FIG. 20 illustrates another working end 700 embodiment that is similar to that of FIGS. 16A-18B except that the opposing polarity first and second electrodes 705A and 705B have a different configuration—still positioned within the interior channels of the working end 700. As can be seen in FIG. 20, the inflow and outflow channels 622A and 622B are similar to previous embodiments. The working end 700 further has a fluid extraction channel 640 as described previously. In one variation, the working end 700 has a looped wire first polarity electrode 705A extending through the working end through first inflow channel 622B, around looped channel portion 630 adjacent interface 615 and extending partly through second outflow channel 622B. In the working end 700 of FIG. 20, both the first and second electrodes 705A and 705B are round wires with large surface areas which enhances RF current flow in the fluid environment. This electrode configuration provides an increased surface area to the electrode and extends such an electrode surface around the region of plasma ignition which together with the absence of sharp edges can enhance the uniformity of the plasma generation in the interface 615. The electrode 705A can have any suitable diameter ranging from about 0.005″ to 0.10″. Similarly, the second polarity electrode 705B is configured to have a substantial exposed surface with a length, for example, ranging from 2 mm to 20 mm (and diameter of about 0.005″ to 0.10″) in the tissue-extraction channel 640. The distal end 708 of the electrode 705A is embedded and sealed into ceramic housing 614 to prevent any sharp electrode edges exposed to the channel 640.
As can be understood from FIG. 20, the RF current paths CP between the first and second polarity electrodes 705A and 705B extends through the interface 615 between the ceramic bodies 612A and 612B as described previously. In another aspect of the invention, still referring to FIG. 20, the interface 615 has a greatly increased surface area compared to previous embodiments. It can be seen in FIG. 20 that a tapered annual interface 615 is provided between the dielectric bodies 612A and 612B which after assembly comprises an extremely small gap. In one embodiment, the interface is dimensioned to be sufficiently fluid-tight to prevent liquid flow therethrough and will only permit current flows and plasma propagation therethrough. In this embodiment, the tapered interface or taper lock between the first and second dielectric bodies 612A and 612B is provided by a predetermined surface roughness that is fabricated on either or both dielectric bodies 612A and 612B at either side of the interface 615. In other words, the first and second dielectric bodies 612A and 612B are wedged together tightly with a micron or sub-micron dimensioned gap between the surface finishes of the mating dielectric bodies.
In one embodiment, the interface 615 is annular as shown in FIG. 20 and extends between a first interior periphery 710 of the interface 615 and a second exterior periphery 715 of the interface wherein the mean dimension between the inner and outer peripheries ranges from 0.005″ to 0.25″. Although the variation of FIG. 20 illustrates an annular interface 615, the scope of the invention includes any interface configuration such as a linear configuration, an oval configuration, any elongated configuration, or a polygonal or star-shaped configuration. The total area of such an interface 615 can be from 0.01 mm2 to 10 mm2.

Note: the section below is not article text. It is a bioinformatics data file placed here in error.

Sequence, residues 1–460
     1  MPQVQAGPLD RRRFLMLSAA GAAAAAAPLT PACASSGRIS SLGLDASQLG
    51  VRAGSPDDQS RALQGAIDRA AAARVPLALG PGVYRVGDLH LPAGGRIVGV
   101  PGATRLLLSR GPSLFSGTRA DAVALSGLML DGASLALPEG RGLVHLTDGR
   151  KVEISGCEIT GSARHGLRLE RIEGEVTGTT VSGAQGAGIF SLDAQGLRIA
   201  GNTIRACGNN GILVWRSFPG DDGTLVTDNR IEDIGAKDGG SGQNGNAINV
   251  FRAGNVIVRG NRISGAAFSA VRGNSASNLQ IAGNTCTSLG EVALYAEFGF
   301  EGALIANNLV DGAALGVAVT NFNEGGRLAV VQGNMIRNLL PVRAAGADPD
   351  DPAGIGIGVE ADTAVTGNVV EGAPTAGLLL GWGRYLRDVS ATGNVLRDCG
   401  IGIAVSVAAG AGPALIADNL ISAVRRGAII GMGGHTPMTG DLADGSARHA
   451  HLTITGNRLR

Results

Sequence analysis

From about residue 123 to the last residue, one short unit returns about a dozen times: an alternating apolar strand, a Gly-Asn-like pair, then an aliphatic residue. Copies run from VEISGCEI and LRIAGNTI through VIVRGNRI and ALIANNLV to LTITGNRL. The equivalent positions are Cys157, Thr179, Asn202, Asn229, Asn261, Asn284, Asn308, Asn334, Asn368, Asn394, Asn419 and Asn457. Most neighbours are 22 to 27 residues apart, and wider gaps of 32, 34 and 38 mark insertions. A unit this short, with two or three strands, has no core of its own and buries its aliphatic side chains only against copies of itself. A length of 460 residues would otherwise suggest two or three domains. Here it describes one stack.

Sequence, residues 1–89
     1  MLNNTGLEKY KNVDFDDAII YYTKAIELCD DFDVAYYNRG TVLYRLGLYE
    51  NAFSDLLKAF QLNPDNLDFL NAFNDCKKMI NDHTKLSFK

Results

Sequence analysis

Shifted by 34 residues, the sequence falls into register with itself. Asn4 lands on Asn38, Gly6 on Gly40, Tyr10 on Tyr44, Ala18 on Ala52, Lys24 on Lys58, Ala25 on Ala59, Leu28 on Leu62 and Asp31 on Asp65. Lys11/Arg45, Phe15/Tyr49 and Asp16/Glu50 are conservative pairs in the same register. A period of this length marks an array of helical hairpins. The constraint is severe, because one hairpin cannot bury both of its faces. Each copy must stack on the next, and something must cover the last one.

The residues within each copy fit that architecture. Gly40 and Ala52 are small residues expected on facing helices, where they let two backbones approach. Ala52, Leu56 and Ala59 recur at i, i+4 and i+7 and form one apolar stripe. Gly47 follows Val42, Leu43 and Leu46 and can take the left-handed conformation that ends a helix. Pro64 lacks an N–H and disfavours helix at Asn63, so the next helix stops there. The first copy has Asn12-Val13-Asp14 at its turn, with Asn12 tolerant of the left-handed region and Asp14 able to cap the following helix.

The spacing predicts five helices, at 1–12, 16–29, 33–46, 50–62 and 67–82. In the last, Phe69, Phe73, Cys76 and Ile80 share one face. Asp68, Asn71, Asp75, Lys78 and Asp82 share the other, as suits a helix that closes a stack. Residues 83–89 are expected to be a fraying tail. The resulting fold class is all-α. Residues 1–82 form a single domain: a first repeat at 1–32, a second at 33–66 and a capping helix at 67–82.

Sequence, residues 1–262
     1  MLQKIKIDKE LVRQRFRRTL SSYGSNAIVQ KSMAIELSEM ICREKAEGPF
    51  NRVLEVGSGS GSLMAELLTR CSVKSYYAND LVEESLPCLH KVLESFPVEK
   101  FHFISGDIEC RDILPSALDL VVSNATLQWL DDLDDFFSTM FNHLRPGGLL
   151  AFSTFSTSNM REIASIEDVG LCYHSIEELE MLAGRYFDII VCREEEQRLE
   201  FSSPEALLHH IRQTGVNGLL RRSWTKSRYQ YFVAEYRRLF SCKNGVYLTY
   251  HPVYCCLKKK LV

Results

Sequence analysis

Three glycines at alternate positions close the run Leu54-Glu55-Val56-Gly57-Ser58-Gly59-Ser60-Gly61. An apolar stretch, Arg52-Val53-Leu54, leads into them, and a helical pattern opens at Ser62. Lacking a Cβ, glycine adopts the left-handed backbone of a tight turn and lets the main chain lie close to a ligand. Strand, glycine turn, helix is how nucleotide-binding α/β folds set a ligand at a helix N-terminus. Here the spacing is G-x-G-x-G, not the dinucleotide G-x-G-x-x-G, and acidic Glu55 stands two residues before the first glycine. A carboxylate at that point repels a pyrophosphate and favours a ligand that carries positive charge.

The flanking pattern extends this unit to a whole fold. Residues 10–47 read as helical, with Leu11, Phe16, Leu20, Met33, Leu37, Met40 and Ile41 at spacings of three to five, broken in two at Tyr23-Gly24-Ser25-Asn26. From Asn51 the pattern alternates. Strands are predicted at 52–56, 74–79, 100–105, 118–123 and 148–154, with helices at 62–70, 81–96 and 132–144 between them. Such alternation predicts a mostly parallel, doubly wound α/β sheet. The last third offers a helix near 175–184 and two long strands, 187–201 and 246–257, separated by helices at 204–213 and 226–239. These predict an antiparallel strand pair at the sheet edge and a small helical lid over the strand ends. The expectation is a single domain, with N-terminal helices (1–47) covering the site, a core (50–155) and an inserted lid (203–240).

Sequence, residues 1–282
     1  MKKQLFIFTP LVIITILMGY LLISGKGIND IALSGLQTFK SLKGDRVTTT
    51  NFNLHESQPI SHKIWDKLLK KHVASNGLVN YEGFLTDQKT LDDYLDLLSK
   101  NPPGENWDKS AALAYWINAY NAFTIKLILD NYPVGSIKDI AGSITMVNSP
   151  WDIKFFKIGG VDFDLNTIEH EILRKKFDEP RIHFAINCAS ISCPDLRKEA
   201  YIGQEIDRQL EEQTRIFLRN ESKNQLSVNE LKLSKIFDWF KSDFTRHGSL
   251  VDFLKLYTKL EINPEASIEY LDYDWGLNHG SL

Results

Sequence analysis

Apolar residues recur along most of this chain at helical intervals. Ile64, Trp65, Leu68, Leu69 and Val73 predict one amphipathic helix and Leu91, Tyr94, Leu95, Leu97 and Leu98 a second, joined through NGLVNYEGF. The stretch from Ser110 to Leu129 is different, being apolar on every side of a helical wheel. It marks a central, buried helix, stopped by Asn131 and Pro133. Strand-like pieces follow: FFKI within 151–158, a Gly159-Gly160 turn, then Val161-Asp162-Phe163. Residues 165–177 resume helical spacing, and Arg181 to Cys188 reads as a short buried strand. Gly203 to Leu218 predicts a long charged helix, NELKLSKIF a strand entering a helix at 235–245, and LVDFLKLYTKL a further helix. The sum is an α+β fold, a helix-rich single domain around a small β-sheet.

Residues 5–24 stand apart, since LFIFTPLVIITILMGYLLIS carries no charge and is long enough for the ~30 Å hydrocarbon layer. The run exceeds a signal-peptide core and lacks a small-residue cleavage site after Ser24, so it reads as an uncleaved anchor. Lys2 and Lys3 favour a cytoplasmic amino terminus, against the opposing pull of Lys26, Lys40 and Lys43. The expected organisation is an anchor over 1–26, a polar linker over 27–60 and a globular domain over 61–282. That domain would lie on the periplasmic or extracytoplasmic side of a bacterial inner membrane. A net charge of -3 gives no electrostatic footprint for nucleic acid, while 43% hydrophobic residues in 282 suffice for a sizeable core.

In general, a method of ablating tissue corresponding to the invention comprises providing an electrosurgical working end with an interior chamber communicating with a working surface through a space that is sufficiently fluid-tight to prevent liquid flow therethrough but permit plasma propagation therethrough, igniting a plasma in the gap utilizing first and second opposing polarity electrodes positioned on either side of the gap, and controlling propagation of the plasma through the gap to interface with tissue. In one aspect of the invention, the plasma propagation is controlled by controlling pressure interior of the gap. In another aspect of the invention, the plasma propagation is controlled by controlling the dimensions of said gap which can comprised the width or cross section of the gap and/or the dimension between the inner and outer peripheries of the gap.
FIGS. 21A and 21B illustrate another embodiment of plasma ablation working end 800 that is similar to that of FIG. 20. In this embodiment, plasma again is emitted from an interior chamber in the working end through an annular gap or interface 615 as described previously. The working end 800 again includes an outflow channel 640 terminating in an aspiration port 644 which is in fluid communication with a negative pressure source 635 as shown in FIG. 20. The probe shaft is configured with inflow and outflow channels 622A and 622B as described in the embodiment of FIG. 20. The working end of FIGS. 21A-21B differs from previous embodiments in that a third electrode 810 is provided in the working surface for creating a high-energy or high temperature plasma for rapid ablation of tissue. In other words, the working end of FIGS. 21A-21B is configured to provide a first plasma projected from the annular gap or interface 615 and a second plasma can be provided in and about the surface of the third electrode 810. The first plasma or low-temperature plasma can have a temperature of less than 80° C., 70° C. 60° C. or 50° C. The second plasma can have a temperature greater than 100° C.